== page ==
International Emancipation – Summer 1861 – Donald Schaffer

Due to health problems I haven’t been able to make any new posts for a while, so to fill that void I thought I’d highlight a recent post by Donald Schaffer at his blog “Civil War Emancipation” on the international nature of emancipation:

There is a tendency in Civil War studies to see the war through a domestic-only perspective, neglecting its international manifestations except to the extent they affected the war at home. This approach is understandable given the conflict largely was internal, pitting Americans against Americans, and the long tradition in United States history of American exceptionalism. Such parochialism also has affected the study of emancipation as well, although less so as professional historians have internationalized the history of slavery in recent decades, seeing the topic increasingly in the larger context of African slavery in the entire Americas. Fortunately, this trend also has led scholars more and more to see emancipation as part of an international process that started with the Haitian Revolution in the 1790s and lasted until Brazil was the last nation in the Western hemisphere to free its slaves in 1888.


About marcferguson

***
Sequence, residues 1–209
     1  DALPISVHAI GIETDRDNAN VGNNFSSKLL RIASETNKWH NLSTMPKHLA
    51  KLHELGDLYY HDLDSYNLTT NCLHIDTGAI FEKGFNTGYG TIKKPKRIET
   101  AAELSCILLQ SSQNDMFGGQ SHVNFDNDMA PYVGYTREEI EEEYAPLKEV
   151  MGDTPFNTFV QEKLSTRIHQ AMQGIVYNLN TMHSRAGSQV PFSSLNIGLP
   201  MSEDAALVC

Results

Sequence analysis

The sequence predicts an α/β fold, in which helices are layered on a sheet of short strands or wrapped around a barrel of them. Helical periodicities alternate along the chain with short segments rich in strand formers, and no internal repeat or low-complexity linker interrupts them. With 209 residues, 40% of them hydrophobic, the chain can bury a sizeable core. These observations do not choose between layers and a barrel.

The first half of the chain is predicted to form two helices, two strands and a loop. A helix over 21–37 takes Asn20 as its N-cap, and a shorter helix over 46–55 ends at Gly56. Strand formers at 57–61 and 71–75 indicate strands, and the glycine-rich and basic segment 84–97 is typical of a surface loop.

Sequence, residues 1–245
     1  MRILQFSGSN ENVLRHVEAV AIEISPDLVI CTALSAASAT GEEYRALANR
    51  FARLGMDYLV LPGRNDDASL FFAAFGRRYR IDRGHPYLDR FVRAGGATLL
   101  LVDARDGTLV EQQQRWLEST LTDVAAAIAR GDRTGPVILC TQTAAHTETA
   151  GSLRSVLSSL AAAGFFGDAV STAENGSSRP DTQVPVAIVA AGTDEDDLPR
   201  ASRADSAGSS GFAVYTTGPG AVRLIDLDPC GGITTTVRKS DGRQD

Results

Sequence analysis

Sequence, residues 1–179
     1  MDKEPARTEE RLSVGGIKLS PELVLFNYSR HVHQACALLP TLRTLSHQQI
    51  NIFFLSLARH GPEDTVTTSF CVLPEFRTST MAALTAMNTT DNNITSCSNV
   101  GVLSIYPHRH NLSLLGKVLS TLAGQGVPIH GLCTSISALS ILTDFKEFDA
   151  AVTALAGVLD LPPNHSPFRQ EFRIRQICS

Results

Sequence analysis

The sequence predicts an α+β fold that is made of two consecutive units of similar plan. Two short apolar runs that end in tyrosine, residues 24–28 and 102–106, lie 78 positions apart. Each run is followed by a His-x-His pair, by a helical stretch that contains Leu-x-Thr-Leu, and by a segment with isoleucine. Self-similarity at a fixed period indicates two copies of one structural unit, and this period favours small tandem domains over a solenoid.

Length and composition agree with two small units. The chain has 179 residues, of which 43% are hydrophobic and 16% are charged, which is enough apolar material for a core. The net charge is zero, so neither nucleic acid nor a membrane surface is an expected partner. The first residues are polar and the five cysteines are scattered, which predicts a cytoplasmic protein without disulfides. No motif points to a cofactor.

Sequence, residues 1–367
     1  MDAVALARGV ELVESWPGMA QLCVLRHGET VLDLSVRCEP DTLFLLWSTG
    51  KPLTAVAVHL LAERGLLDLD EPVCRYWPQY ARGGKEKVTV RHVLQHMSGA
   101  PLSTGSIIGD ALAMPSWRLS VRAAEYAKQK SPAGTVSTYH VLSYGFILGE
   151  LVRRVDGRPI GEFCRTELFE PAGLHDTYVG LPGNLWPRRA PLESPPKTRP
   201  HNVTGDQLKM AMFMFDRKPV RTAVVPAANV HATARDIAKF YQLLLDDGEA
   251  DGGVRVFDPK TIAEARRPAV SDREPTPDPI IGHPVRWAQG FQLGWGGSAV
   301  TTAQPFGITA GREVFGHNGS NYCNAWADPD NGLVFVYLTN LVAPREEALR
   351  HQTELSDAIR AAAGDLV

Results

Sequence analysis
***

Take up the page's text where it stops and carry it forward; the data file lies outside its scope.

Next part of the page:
I teach history, including the American Civil War Era, as an Adjunct at American International College in Springfield, Ma. I also teach survey courses in U.S. history, Western Civilization, and World History, and have taught at other area colleges, including the University of Massachusetts/Amherst, and Holyoke Community College. While my academic background is in European History, my interest in the American Civil War began about a decade ago. Other areas of interest include Modernism, 20th century World Thought and Culture, The Rise of the West after 1400, 19th c. American Society and Culture, Central and Eastern European History and Culture, and Local History. I have in recent years cut back my teaching drastically in order to devote more time raising my kids (15 year old twins now), including working part-time at their elementary/middle school for the past 6 years, they are now launched and off to High School, and I plan to crank up my involvement in teaching history and local history projects, particularly in light of the American Civil War Sesquicentennial.
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